Skip to main content

The Yankee Express

Douglas’s Hogan brothers twins at home, at school, on the golf course


While the modern day of golf originated in Scotland during the 15th Century, it was only about four years ago that the Hogan twins were introduced to the game. Their grandfather had a membership at Pleasant Valley Country Club in Sutton and played frequently. Ultimately he took the twins, Andrew, and William, to the club with him, where they would play a few holes. Eventually those few holes expanded to playing all 18 holes on the course.

 The Hogan twins of Douglas are pointing the Tigers’ golf team toward a successful fall season. Photo submitted

The Hogan twins, who also play basketball and baseball, find that golf is not only fun, but challenging in a way that one needs a strong mental game to succeed as well. Although they initially got involved with golf in the seventh grade, they really didn’t play competitively at first, instead they were being students of the game and absorbing as much as they could while learning.
In the beginning the Hogan’s were shooting an average in the 50’s, but by the end of their first year on the golf course they saw their average drop to the mid to high 40’s. When they first made the Douglas varsity golf team as eighth graders they found themselves in the middle of the pack but knew that they had the potential to get better. 
“We were young, but not intimidated by the older golfers on the team at all, it was a learning experience,” Andrew said. “By the end of that year we had some decent scores in the low 40’s, but nothing would have been possible it if wasn’t for the help from our captain Sam Bloniasz that year. He not only made the game fun, but he complimented and helped us to grow our game.”
As freshmen the twins took over the top two spots on the team when Douglas lost one of its best golfers to hockey that year. Although the Tigers had themselves a solid team that fall, Covid had other ideas and shut the season down. Not being able to do much during the pandemic, the Hogans found themselves practicing every chance they got. William was working on his driving off the tee, his chipping and working on his irons, while his older brother Andrew, by a mere 30 minutes, found that he was having trouble with his shots.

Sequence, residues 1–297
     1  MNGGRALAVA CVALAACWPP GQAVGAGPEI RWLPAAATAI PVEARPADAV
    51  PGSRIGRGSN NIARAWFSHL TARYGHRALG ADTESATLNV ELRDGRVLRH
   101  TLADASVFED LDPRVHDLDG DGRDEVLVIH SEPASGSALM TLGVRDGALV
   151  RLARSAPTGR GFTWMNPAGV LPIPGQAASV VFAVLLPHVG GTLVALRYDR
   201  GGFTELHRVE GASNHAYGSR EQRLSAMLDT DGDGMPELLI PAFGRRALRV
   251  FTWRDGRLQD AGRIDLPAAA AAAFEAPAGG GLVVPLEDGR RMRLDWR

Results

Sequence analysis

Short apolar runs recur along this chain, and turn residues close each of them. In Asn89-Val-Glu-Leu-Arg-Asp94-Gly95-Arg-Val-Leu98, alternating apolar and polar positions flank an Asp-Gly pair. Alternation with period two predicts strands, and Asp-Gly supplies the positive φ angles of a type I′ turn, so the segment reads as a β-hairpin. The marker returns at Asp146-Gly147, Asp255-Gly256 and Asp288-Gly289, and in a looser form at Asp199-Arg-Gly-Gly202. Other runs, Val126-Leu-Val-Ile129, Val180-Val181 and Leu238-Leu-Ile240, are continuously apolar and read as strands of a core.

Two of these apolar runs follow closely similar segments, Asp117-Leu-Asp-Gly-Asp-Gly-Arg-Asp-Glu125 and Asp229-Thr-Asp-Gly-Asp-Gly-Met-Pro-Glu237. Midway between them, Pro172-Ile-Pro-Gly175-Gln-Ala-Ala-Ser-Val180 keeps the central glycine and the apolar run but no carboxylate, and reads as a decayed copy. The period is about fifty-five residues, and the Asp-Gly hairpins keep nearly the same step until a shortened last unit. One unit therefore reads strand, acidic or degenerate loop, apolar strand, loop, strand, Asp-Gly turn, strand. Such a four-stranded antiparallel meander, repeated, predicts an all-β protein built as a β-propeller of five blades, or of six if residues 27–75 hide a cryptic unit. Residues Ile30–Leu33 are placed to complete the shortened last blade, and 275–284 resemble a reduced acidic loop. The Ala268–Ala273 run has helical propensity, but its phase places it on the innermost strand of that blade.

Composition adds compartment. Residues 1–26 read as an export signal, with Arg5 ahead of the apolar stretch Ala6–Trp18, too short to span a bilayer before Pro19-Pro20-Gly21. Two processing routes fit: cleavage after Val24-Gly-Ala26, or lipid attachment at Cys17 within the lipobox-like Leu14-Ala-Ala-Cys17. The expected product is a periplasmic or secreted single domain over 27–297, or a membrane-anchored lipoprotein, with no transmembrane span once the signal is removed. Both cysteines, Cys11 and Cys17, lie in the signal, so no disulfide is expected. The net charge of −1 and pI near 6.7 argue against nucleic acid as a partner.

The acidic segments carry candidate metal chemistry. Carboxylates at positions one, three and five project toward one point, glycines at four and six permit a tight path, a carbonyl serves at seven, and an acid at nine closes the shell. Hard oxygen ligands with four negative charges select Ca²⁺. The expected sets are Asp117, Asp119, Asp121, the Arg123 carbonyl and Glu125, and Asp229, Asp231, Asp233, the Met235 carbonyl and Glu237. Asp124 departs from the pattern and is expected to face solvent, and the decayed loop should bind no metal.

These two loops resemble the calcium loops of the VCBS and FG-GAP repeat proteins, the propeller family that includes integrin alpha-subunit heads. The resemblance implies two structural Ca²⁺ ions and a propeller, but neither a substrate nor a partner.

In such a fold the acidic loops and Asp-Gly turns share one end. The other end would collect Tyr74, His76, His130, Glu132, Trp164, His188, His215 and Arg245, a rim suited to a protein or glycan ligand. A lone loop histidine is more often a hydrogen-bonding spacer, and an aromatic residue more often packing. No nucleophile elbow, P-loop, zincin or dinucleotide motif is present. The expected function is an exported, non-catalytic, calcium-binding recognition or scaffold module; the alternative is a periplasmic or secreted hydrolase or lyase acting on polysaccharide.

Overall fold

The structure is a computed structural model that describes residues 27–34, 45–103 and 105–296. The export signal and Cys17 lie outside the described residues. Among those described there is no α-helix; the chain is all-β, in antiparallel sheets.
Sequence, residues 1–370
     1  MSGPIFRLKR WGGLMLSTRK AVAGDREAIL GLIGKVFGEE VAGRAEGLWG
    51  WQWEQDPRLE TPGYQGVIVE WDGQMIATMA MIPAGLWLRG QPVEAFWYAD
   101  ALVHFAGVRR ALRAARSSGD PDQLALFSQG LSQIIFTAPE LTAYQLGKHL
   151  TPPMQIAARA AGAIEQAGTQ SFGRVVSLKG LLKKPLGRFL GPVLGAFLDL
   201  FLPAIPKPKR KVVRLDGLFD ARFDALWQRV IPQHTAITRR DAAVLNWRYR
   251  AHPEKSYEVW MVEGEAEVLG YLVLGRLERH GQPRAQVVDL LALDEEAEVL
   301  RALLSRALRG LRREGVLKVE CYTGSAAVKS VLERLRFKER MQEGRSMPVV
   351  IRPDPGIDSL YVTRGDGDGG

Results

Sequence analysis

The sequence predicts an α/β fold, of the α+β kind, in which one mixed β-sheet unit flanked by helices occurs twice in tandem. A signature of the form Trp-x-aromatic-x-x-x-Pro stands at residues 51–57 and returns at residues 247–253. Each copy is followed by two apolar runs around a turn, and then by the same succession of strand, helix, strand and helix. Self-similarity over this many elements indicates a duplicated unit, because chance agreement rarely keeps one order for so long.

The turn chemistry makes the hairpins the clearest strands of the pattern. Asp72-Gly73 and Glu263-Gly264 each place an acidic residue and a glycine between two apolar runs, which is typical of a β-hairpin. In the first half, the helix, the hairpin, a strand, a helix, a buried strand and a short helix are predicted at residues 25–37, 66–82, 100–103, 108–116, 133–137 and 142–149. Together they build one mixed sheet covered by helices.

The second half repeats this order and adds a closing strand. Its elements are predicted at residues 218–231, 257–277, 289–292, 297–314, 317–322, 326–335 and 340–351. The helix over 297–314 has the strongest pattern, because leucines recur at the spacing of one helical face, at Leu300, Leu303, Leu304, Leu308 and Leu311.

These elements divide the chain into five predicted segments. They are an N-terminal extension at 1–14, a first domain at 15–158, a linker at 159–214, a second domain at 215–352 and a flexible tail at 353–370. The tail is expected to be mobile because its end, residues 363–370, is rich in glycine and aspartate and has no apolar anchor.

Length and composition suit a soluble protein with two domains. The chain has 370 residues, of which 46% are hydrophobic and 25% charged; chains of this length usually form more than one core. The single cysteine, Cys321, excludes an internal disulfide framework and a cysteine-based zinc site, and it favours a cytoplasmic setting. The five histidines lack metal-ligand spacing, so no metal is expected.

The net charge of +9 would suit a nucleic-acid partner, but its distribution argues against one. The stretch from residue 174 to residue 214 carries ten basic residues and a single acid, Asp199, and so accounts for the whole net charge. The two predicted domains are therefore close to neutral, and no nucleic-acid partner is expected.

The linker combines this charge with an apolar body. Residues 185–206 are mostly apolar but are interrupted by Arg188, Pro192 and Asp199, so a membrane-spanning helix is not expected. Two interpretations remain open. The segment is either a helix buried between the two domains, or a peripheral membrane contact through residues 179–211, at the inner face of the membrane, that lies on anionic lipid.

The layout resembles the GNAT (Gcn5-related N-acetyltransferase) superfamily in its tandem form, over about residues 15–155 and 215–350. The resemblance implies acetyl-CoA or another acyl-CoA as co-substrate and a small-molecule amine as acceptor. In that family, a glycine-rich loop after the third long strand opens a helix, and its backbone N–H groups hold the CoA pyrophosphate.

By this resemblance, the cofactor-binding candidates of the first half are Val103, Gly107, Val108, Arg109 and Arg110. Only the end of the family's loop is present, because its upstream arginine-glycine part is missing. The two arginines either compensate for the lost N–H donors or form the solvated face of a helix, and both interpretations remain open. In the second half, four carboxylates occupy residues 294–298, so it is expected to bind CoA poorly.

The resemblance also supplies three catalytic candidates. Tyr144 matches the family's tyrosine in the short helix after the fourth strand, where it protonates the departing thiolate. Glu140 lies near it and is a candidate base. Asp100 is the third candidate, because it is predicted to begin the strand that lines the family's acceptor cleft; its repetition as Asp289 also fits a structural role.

As sophomores the twins help lead Douglas into the District Tournament, the first time Tiger golfers had been there since 2014. This year as juniors the twins and their Douglas teammates are once again hoping to return to the District Tournament but are looking to improve upon what they built last fall. 
“I know that I need to play much more consistent if we are to go further this year,” William said. “I seem to struggle after I have a bad hole and it gets in my head. I need to focus more and move on from the last hole and think about the next one.”
Andrew, who was only three shots from qualifying for the State Tournament last year, is hoping to deduct those strokes from his score while improving his short game, an area that can truly impact your score.
While the Hogans are hoping to improve upon their game, Douglas Coach Kevin Riordan has two athletes that will do anything for their team.
“They both are capable of maintaining the game well. More importantly though they both stress team first and will do whatever is best for the team,” the coach said. “They never balk at anything that I ask them to do, that is one reason why they are co-captains this season. Having some younger players that are learning the game makes it tough to play stroke play but having William and Andrew shooting in the high 30’s to low 40’s helps.”
The Douglas coach sees a lot of similarities in the twin’s golf games on the course.
“Having been trained the same way by the same trainer the twins have similar styles,” he said. “And although they are both very competitive, they also root for one another. When I’m out there golfing with them I don’t want to get in their way of learning, because they both can already beat me.”
As competitive siblings you would think that they would both believe that they were the better golfer, but it seems that the two are both in the same camp when it comes to the top golfer.
“I’d have to say Andrew used to be the better golfer by at least two or three shots,” William said. “But now we are pretty even and have about the same handicaps, although our games are uniquely different.”
Andrew agreed with his twin brother, saying that although he is the better putter, William is a better chipper and the two are relatively close when it comes to their driving accuracy.
With their junior seasons just getting underway the Hogans have almost two full years of high school golf before they head off to college where they both would like to continue playing.
“I want to play golf in college, but I’m not really thinking about it so much right now as there is still so much time to figure it all out,” Andrew said. “I know that I have to get involved in some big tournaments and will most likely have to go to school in the South, but right now I don’t really know what’s going to happen.”
William also wants to continue playing golf after high school, but he too hasn’t really put too much thought into it as of yet.
“I need to work hard over the next two years if I want to play golf in college,” William said. “Next summer I’m going to have to take part in a lot more tournaments as that’s where colleges seem to recognize golfers.”
Having almost two full years to invest in their golf games both Hogans should have colleges knocking at their doors to have them play for them. The big question is where will they go and will the two of them play at the same college? 
Only time will tell, but for now they are playing for Douglas High School and looking to get back into the post-season with their teammates.